Moving the University website to HTML9 Responsive Boilerstrap JS

H9RBS.js (v0.0001) is a flexible, dependency-free, lightweight, device-agnostic, modular, baked-in, component framework MVC library shoelacestrap to help you kickstart your responsive CSS-based app architecture backbone kitchensink tweetybirds.

H9RBS.js (v0.0001) is a flexible, dependency-free, lightweight, device-agnostic, modular, baked-in, component framework MVC library shoelacestrap to help you kickstart your responsive CSS-based app architecture backbone kitchensink tweetybirds.

When we redesigned the University website in 2008 we adopted the Blueprint CSS framework which greatly cut down our CSS development time. It offered us a solid, cross-browser compatible foundation on which to build our site.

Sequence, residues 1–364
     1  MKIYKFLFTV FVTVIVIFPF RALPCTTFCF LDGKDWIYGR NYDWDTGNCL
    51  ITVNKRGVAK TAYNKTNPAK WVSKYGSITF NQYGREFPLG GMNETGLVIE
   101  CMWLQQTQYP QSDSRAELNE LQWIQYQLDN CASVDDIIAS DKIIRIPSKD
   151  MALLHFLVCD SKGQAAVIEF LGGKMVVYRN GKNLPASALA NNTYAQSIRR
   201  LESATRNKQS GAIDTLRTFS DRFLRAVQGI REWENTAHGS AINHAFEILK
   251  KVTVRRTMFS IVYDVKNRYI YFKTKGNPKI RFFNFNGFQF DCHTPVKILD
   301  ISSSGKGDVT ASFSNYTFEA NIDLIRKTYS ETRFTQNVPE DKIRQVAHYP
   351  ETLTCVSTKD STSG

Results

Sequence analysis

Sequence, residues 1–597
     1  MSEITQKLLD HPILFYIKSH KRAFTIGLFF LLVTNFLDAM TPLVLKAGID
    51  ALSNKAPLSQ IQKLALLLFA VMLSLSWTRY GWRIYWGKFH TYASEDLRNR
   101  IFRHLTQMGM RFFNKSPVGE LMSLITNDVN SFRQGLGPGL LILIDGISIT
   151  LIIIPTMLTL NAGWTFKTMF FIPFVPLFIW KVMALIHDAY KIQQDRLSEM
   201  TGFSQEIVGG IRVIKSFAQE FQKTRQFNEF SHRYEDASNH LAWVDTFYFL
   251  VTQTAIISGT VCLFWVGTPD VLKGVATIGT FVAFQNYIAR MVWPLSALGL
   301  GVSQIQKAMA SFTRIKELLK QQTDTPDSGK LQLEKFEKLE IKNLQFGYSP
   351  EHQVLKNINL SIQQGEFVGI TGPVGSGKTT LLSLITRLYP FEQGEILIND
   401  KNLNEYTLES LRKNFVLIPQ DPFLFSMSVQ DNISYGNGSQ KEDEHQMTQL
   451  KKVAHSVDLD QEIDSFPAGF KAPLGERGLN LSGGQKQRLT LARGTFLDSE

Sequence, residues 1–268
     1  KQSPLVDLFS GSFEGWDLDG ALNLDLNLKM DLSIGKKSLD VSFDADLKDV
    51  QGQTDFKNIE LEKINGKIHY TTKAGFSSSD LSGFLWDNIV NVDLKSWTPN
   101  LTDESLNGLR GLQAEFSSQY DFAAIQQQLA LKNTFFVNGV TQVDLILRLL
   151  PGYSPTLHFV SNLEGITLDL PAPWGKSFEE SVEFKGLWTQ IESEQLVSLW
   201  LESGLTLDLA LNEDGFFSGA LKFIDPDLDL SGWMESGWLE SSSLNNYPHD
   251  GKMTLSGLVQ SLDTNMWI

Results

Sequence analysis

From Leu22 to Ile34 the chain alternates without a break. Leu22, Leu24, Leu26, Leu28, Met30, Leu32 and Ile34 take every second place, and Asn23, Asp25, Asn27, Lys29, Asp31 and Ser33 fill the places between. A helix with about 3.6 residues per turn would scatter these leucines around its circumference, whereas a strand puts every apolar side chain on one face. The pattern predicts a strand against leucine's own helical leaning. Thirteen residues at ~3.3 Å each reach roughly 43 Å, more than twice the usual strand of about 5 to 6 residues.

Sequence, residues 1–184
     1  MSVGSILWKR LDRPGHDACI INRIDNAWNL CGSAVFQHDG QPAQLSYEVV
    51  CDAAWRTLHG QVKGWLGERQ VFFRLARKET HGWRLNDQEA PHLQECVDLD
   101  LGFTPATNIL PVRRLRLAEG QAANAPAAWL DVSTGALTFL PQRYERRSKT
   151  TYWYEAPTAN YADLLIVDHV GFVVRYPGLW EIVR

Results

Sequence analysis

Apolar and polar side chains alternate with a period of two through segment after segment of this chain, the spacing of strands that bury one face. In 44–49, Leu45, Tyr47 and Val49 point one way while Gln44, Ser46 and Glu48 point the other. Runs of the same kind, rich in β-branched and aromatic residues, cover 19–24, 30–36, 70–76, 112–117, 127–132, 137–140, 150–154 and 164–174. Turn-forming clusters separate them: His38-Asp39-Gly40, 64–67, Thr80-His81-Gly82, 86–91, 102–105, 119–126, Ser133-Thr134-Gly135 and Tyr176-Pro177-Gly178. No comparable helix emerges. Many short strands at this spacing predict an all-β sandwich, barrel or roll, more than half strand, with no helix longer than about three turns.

With the advent of HTML5 and responsive web design we started using the Bootstrap framework which offered not only a mobile-friendly grid but also at least 12 JavaScript plugins to provide design patterns such as modal windows, carousels, tabs and accordions.

As you are probably aware the web is now developing at an astonishing rate. Browsers are updated now on a six-weekly basis, HTML5 is nearing completion, and CSS4 is already being discussed. So we are looking to the future for a new framework that will support our needs and the requirements of our ever more mobile-friendly users for the next few years to come.

In consultation with Prof. Ailol from the University’s School of Computer Science we will be planning a migration to the HTML9 Responsive Boilerstrap JS starting today.

The framework describes itself as